I too do not like the taste of venison tallow and this is again why I process my own. As I said, anything I do not want to put in my mouth gets tossed. This is why I remove as much tallow as possible before and during the butchering process. Thankfully game animals tallow is not present withing the major muscle structure, but on the outside, so it is relatively easy to remove. If the tallow is not removed before butchering, it can be transported to the interior of the meat when cutting it. This is the issue I have with processors that use band saws to cut steaks and roasts. Not only is the tallow spread across the surface of the cut meat, but so is any marrow picked up on the blade when cutting thru bone. While the marrow, like the tallow can be nutritious, it tastes terrible. Venison tallow also has a lower melting point than beef, thus it will "skin" over or turn solid many times while the meat is still luke warm. I also remove any dried meat/membrane on the outside of the carcass, before processing to remove it, because it too is likely to be soured, even in the proper temps and like the tallow, it can be transported to the surface of cut meat from the knife. Removing this, especially if the skun animal has been hung in a shed/garage, removes any other contamination that may have been deposited on the carcass by the air......like dust and fly poop. I don't like eatin' that either. One also should wear rubber gloves and change them frequently when they are handling the meat to keep from contaminating the meat with what accumulates on them during the process. Washing your hands frequently if not wearing gloves will do the same thing. I also wash my cutting boards frequently to remove the blood/tallow and other residue that accumulates on them. It doesn't take much of something to taint the flavor of meat......so make sure you rinse all the soap off. Again, when I butcher my deer I am after quality, not quantity. Any meat that does not appeal to me gets thrown. Could be because it has dried out or is contaminated with blood. Same goes for meat exposed to body fluids during the field dressing procedures. One can touch the glands or rupture the bladder/intestines/stomach, or they could have been damaged by the shot. This is another good reason to remove all of the "rind" from the outside of the meat before cutting it up. While it takes some knowledge of muscle to cut steaks and roasts properly, getting it ready for burger just means getting it off the bone.
     
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  19. Hugger-4641

    Hugger-4641 Member

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    As long as temps stay below 40F, aging does improve the flavor and tenderness. The "gamey" taste that some refer to can be from spoiled meat that wasn't cleaned or dressed properly and mature bucks in middle of hard rut are especially prone to a "gamey" taste if not dressed cleanly and quickly. As long as this is done right, aging helps. If this is not done right,, the tallow does absorb bad flavors. If temps are too warm for hanging to age, then I quarter and place in a large cooler overnite with salt brine or Apple cider vinegar solution.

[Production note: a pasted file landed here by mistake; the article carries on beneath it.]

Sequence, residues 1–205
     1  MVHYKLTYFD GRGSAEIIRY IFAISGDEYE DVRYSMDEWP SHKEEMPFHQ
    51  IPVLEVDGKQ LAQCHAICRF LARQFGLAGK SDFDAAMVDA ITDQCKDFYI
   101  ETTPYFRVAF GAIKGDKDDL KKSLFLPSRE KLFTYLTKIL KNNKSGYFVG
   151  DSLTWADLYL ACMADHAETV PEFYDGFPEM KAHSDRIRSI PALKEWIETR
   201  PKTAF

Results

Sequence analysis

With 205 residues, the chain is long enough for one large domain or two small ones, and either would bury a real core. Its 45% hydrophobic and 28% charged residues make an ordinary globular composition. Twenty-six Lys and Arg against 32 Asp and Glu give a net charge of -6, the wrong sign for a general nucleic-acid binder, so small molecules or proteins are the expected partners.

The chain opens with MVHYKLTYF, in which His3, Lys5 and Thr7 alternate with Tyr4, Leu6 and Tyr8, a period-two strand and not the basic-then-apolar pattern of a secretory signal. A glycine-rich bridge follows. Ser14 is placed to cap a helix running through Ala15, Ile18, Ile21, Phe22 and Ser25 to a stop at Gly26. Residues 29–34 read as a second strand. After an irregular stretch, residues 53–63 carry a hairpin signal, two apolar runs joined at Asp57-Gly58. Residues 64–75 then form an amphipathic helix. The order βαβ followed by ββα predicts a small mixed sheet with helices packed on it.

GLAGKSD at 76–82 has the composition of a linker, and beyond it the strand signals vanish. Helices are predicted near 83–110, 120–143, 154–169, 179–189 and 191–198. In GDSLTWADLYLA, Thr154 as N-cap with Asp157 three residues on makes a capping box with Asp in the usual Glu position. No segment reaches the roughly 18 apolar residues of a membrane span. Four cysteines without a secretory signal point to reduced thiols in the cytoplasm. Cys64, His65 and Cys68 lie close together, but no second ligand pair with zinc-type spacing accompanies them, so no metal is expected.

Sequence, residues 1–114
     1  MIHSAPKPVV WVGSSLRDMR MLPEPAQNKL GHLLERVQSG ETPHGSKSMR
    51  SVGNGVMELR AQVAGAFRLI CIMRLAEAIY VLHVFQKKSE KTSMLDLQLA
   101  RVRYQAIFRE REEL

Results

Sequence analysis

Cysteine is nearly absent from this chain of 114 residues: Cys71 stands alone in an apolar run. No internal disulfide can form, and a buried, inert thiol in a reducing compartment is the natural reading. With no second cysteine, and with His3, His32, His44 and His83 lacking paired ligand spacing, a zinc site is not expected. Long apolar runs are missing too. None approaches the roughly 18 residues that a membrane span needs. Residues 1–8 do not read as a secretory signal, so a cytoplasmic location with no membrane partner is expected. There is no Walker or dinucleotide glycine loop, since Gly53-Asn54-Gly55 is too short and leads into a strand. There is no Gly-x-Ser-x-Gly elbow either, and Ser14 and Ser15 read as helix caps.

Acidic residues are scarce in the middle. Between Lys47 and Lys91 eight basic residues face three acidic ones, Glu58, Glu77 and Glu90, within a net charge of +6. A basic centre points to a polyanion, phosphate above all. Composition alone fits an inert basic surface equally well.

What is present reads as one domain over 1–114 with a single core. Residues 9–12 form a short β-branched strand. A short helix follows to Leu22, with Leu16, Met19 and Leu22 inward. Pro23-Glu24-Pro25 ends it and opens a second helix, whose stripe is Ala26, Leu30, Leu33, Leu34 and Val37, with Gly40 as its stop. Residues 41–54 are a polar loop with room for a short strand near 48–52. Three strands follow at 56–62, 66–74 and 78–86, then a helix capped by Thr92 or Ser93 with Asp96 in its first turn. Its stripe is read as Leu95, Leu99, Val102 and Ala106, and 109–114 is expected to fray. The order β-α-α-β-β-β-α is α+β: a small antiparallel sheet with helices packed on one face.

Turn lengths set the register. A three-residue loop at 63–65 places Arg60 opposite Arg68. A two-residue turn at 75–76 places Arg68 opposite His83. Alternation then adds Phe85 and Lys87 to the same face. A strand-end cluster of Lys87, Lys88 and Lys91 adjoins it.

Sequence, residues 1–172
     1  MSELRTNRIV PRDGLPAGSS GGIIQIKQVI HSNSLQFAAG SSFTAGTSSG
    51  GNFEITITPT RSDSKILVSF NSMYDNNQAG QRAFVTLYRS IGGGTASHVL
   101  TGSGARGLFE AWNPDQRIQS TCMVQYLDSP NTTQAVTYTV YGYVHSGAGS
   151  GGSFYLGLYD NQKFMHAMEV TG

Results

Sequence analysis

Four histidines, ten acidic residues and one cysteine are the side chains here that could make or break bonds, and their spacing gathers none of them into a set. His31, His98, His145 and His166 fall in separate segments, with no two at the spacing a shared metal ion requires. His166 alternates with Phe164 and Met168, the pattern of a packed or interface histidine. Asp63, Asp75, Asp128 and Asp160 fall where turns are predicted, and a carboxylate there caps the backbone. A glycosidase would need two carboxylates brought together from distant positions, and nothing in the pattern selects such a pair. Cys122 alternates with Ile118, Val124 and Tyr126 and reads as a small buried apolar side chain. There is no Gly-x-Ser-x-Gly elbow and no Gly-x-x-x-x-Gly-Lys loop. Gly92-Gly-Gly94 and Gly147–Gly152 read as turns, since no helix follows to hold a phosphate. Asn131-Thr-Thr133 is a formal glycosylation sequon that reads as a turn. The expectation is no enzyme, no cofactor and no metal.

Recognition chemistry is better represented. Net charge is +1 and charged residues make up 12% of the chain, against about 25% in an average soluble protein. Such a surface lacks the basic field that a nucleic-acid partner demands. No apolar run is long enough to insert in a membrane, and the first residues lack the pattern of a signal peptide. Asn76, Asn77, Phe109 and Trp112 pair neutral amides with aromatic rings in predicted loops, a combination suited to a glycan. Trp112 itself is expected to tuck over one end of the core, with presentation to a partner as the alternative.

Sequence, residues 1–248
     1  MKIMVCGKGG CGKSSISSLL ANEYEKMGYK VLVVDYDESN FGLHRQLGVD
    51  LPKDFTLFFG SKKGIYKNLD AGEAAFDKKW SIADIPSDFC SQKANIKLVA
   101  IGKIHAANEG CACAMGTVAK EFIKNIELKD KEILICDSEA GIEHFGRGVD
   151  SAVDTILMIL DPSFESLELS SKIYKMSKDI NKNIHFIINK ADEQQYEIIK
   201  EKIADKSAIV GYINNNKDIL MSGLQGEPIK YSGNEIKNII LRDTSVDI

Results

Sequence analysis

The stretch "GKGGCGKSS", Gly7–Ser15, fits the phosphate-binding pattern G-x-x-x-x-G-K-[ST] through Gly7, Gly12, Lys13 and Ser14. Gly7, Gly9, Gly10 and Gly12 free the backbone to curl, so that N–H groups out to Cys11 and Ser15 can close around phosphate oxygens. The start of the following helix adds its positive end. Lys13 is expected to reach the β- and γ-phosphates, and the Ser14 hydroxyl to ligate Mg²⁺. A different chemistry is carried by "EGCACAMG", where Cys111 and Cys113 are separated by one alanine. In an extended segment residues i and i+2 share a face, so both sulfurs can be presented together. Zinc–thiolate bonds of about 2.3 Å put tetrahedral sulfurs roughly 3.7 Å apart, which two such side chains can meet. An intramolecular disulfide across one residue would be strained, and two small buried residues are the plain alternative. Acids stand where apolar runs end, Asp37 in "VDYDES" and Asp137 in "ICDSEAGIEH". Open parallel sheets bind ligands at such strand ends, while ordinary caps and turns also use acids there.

Last edited: Nov 26, 2021
  20. EMC45

    EMC45 Member

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    When I hunted (it's been a few years since I've been) I did all my processing. Long fiber meat got turned into jerky. Backstraps got frozen and grilled later on. All the rest was ground up and made into tacos/burgers/marinara meat sauce.

    I have a hand crank grinder I clamped to the table and ground a bunch and my father felt bad for me and got me a LEM electric I think it is.

    I heard too many bad stories about the processors near me when I lived in GA.
     
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  21. buck460XVR

    buck460XVR Member

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    ^^^For years, my grinder was a large (#12) hand crank grinder than was intended to be bolted to the table. I fastened it to a large butcher block to make it more portable and usable in the kitchen(where I process my deer). As time went on, I modified it so that I could remove the handle and attack a variable speed 1/2" drill to it. Still have it and lend it out to folks instead of my good electric grinder I have now(LEM #12). It would produce ground venison that rivals what the LEM does.
     
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  22. EMC45

    EMC45 Member

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    Totally. My hand crank worked just fine. I got it at a yard sale for 5 bucks and checked the plates and it was good to go so I went after it with it. My dad got me the electric, and I will say it does a quicker job. I also ground up all the sinew and silver skin for my brother's dogs and it went quick.
     
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  23. Grumpy_old_Fart

    Grumpy_old_Fart Member

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    I bone mine out. I follow the muscles and separate each large muscle on the hams, those are easily made into steak. Front shoulders are good for roasts, flank steak for jerky, neck for carne asada or fajitas or stew. Backstrap, is....well, steaks. Hocks, rib meat make burger.

    To separate muscle, follow the white lines. Easy peasy